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There are about thirty thousand species of worms in the phylum Platyhelminthes. Twenty five thousand of these worms are parasitic, which is the vast majority of the phylum. The flatworms only account for four thousand of the worms in the phylum, but they are said to be very beautiful compared to the parasitic worms (Snyderman and Wiseman 83). Flatworms display bilateral symmetry, which means that their bodies have a distinctive head and rear, and their right and left sides are mirror images of each other. The fact that these worms are bilaterally symmetric enables them to move from place to place more efficiently. This trait can help the worms catch their food and get away from their enemies. It can help them find a mate and move from location to location. If they were not made like this, they would have very little control over their bodily movements, and not be able to survive in the ocean (Snyderman and Wiseman 84).
Some other characteristics that make worms of the phylum Platyhelminthes unique are the fact that they are light sensitive. They often try to avoid brightly lit areas. They are so sensitive because they possess’ bundles of light-sensitive eyes that are often described as primitive eyes (Snyderman and Wiseman 84). Another interesting characteristic of the flatworms is that they are hermaphroditic. This means that they posses both male and female reproductive organs. When one learns of this they may think that self-fertilization would be common, but it is not. Flatworms also posses amazing regenerative properties. When they lose a body part, a new one will form, and it some cases, the body part often regenerates an entirely new flatworm (Snyderman and Wiseman 84).
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One can find Marine flatworms in shallow rubble zones. They like to crawl in and under the rubble. Sometimes, the rubble and debris will rip or tear the flatworm’s skin, but because of their amazing regenerative properties, this is not much of a problem. Flatworms are usually spotted on the bottom of the ocean, but some species have been found swimming. They can do this by using an undulating motion of their body. This is due to the fact that they are bilaterally symmetrical (Meinkoth 401).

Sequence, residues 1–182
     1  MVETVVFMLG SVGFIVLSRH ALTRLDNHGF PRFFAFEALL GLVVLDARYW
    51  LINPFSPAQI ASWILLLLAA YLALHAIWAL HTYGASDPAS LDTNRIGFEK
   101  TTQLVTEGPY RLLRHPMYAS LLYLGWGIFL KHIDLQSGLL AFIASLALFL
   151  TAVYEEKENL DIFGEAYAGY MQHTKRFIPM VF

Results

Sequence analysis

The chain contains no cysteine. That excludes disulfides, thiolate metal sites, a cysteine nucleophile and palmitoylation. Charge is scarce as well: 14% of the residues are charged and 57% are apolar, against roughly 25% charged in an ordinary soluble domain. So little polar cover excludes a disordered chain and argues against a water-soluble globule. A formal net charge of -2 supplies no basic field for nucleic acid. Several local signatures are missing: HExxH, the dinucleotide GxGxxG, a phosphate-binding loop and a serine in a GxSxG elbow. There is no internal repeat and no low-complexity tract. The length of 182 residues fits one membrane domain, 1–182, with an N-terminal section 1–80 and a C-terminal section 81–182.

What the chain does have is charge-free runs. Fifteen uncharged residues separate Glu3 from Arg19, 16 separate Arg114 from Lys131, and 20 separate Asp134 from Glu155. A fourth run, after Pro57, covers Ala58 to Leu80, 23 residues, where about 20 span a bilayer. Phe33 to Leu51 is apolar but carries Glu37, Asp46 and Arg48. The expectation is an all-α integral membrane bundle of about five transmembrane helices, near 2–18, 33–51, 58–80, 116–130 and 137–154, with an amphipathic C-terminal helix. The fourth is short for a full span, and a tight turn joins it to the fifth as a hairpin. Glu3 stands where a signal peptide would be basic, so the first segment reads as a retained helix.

There are three classes included in the phylum Platyhelminthes. They are the Turbellaria, Trematoda, and the Cestoidea. The turbellaria class includes mostly free –living forms. This means that they are not parasitic and do live off another organism. The most well known members of the Turbellaria class are the Tricladida and Polycladida.
These are the members that are most commonly found on the beach (National Audubon Society 399). Triclads have a digestive cavity that contains three major branches. They lay their eggs in a solid bubble that they then attach to an immovable object. Development of the eggs is direct in triclads. The young worms are tiny replicas of adult worms. Unlike the triclads three major branches, polyclads have numerous branches in their digestive cavity. Also dissimilar is the eggs are not enclosed in a shell. The development can be direct in some species and indirect in others. In indirect development, the larva later goes metamorphosis into adult form (National Audubon Society 401).
An example of a marine worm in the order Tricladida is the limulus leech. This worm can be found from the Gulf of Maine to Florida and Texas. This worm is very active and can attach its sucker to a horseshoe crab. By doing this, it feeds on particles brought in by the host. When the worm is removed from the crab, it actually shrinks in size and will not feed anymore. The limulus leech lays its eggs enclosed in a capsule attached to the tissue of the horseshoe crabs gills by a strong stalk. You can identify this worm by its elongated body and its narrow head. It is white or light yellow, and has brown intestines. The limulus leech’s mouth is on the underside and this is where its long sucker is attached. The sucker is its feeding tube. This worm averages a size of about sixteen millimeters long and six millimeters wide (National Audubon Society 400).
An example of a marine worm in the order Polycladida id the Oyster leech. This worm can be found in the Bay of Fundy and Florida and Texas. Oyster leeches attach themselves to open oysters and feed on their soft tissue. This worm is also known to feed on barnacles. Because of their feeding habits, the Oyster leech lives in oysters and barnacles. These worms have the characteristics of being very thin and flat. They also have an oval shape to them. They are pale yellow and often have a brown stripe down the center of their back. They have two retractable tentacles and two clusters of eyespots over their brain. Their mouth is also on the underside of their bodies. Their average size is twenty-five millimeters long and ten millimeters wide. There is a species called the red oyster leech that is slightly larger than the regular oyster leech. This also ranges from Florida to Texas, and is red with pink spots (National Audubon Society 401).